John Thurman named
ANDERSON COUNTY COMMUNITY HERO

 


John Thurman teaches
 students about the critters
found in Coal Creek

We already know John Thurman is a hero.  At a ceremony on 7 December 2004, Anderson County made it official.  Heroes helped shape us, inspire us, they were who we wanted to be when we grew up.  John is an individual who goes above and beyond what is expected.  He donates his time and skills to make a difference in the lives of others.

John Thurman serves on the board of directors of the Coal Creek Watershed Foundation and the Clinch River Chapter of Trout Unlimited.  John resides in Norris, but not only volunteers in Norris, but on projects in other parts of Anderson County. His volunteer efforts help Anderson County’s environment, education of our children, and tourism economy.  He especially cares about children and our environment.

Thurman volunteers on bank
stabilization and flood
prevention projects in Anderson County

John is an example of how a person doesn’t have to make things complicated or spend a lot of money to contribute to a community.  He has the ability to explain a problem and a course of action in terms that motivates others.  He uses his talents, knowledge, and strengths and contributes to what is important to him.  He proves that if you work towards things you are passionate about, it never feels like work.   John doesn't live in the Coal Creek watershed, but he saw a community in need and did something about it.  An excerpt from an article in the Oak Ridger newspaper sums it up best:

"The Foundation, which is all volunteers, has reinvigorated interest in the area's mining past.  But the volunteers are also improving the present and future for the residents' lives and the environment where they live. The Foundation is made up of some residents, but mainly others living outside the area of Coal Creek and its mountainous communities.  They were and are simply concerned about the area and its people.  Helping the people of your neighborhood is admirable; helping people of another deserves applause".

The numerous newspaper articles and TV news reports highlighting some of John’s projects attest to his accomplishments.  Specific details can be found at www.coalcreekaml.com and www.crctu.com.

In addition to John (C), Briceville Librarian Lynette Seeber (L) was honored as an Anderson County Community Hero for her work with the Briceville children.  CCWF board member Rosemary Phillips (R) was also recognized for her community service in Coal Creek. 

A select few of the projects that John has volunteered thousands of hours on include:

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Co-founded a Tutor/Mentor program at Norris Elementary School six years ago.  There are now almost 40 adults who volunteer in this program for K-5th grades.

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Volunteered to install and design a special storm water sampling system throughout Coal Creek and a biomonitoring system in the Clinch River to document the effects of sediment problems and how they affect aquatic life in the Clinch River.  The Clinch River is an Anderson County treasure.

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Coordinated the development of the video, “The Clinch River Tailwater – Anderson County’s Natural Resource Jewel”, used by volunteers, including John, to promote tourism with businesses, civic groups, and community organizations.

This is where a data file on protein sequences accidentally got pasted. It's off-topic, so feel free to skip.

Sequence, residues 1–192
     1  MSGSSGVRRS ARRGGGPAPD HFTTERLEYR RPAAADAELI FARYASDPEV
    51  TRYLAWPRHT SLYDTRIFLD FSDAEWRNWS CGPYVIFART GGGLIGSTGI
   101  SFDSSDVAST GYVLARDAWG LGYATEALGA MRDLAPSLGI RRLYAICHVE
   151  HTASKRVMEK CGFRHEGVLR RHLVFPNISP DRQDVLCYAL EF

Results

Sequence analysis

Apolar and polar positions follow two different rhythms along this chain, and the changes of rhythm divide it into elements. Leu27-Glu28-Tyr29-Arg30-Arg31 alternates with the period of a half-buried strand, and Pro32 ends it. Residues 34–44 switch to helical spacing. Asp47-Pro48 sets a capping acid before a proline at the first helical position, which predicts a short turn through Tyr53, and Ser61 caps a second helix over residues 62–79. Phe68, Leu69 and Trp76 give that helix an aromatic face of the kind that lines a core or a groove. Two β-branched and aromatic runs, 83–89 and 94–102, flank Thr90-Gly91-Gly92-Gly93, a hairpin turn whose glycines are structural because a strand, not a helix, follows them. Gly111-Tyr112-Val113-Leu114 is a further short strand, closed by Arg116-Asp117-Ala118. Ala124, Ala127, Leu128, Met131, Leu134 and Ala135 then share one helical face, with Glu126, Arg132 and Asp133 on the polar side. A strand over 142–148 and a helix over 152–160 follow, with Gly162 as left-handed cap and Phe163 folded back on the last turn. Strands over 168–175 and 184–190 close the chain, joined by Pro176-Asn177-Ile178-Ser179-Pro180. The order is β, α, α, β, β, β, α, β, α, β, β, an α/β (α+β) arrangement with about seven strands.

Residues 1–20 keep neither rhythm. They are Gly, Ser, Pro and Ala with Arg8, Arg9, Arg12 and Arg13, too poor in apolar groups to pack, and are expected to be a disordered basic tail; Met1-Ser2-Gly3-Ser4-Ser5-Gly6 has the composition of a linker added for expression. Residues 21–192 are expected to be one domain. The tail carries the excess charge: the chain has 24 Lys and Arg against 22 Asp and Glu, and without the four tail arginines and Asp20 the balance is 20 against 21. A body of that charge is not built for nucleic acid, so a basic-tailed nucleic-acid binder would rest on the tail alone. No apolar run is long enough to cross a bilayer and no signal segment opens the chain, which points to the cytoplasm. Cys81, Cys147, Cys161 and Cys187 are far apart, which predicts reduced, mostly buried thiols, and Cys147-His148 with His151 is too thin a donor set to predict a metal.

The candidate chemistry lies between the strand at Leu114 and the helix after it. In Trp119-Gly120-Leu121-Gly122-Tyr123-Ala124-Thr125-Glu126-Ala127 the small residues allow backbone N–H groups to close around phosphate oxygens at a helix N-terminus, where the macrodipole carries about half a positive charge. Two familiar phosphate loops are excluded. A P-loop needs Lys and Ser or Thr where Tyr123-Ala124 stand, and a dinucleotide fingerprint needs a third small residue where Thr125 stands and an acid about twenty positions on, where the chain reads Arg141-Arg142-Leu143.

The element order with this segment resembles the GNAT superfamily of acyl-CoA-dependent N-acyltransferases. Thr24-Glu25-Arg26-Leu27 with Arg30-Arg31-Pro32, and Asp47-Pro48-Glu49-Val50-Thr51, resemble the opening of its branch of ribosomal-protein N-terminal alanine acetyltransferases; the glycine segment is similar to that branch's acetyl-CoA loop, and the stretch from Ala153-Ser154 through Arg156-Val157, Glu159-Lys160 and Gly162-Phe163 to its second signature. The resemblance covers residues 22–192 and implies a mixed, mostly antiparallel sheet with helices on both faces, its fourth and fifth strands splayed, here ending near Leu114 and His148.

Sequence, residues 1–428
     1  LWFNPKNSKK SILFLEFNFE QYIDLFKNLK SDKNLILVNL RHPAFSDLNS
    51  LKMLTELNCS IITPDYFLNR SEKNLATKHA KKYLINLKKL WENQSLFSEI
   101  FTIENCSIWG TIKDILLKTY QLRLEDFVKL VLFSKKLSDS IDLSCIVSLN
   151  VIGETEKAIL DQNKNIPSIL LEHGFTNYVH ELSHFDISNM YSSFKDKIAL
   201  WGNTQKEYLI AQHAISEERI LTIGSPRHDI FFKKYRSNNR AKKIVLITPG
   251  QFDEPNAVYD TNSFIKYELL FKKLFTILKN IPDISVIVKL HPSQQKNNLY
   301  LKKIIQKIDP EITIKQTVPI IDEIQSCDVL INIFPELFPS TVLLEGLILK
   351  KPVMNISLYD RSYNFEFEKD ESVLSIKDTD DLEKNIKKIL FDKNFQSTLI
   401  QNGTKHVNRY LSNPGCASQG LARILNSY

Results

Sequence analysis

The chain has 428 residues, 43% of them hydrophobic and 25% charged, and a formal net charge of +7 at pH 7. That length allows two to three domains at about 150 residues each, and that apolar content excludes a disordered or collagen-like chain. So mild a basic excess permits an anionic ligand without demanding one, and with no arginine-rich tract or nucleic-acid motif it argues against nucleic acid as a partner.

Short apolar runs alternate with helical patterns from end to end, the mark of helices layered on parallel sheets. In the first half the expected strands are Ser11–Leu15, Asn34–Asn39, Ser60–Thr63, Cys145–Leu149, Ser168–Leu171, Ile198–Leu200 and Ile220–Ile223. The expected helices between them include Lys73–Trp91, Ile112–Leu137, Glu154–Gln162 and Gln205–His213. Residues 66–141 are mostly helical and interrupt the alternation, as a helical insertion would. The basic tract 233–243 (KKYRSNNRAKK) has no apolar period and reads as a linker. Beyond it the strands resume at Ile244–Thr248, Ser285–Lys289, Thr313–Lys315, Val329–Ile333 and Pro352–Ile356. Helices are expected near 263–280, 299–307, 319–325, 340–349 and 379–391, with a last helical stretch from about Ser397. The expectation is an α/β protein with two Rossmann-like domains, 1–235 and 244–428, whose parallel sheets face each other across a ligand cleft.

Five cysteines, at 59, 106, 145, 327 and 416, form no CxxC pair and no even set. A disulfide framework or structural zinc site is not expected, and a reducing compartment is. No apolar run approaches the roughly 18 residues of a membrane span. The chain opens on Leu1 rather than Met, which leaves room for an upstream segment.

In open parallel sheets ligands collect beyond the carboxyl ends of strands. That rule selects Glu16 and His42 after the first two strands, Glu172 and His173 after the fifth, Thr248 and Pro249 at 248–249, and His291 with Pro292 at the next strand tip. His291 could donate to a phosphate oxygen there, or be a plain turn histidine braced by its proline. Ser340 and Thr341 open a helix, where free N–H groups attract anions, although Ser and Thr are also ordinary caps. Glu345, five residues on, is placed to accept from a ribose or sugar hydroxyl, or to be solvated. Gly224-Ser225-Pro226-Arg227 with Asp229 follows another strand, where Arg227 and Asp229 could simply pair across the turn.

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Coordinates activities in the creek during Coal Creek Health Day at Briceville School to demonstrate to the students how the health of the creek is a barometer of their health.

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Provides fishing guide services on the Clinch River, donating all proceeds to conservation efforts.

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Flood prevention – participates in Deadwood Removal Days to get volunteers to clear debris from bridges to reduce flooding.  In the past, people have died from flooding in Coal Creek. 

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Worked on Coal Creek bank stabilization projects which won a national award from FEMA.

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Illegal trash dump clean-up, which won TDEC’s 2002 Aquatic Resource Preservation Award.

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Has helped remove over 6,000 illegally dumped tires from the Clinch River and Coal Creek.

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Volunteer at the annual “Kids Fish Free Day” on the Clinch River.

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Teaching not only the Norris children, but also the Coal Creek children, the value of staying in school and going to college to be able to take care of themselves and their community.

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John was a court appointed special advocate (CASA) where he gathers information about abuse and neglect cases.

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Taught as a volunteer in the Anderson County Adult Education Program.

Top six award winners (Left to Right)

Leroy White of Oak Ridge
John Thurman of Norris
Eleanor Nelson of Norris
Lynette Seeber of Oliver Springs
Katie Meersman of Oak Ridge
Cynthia Smith-Bailes of Oak Ridge

Article in the Oak Ridger

Trout Unlimited Clinch River Chapter Home Page

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CELEBRATING OUR 16th YEAR!!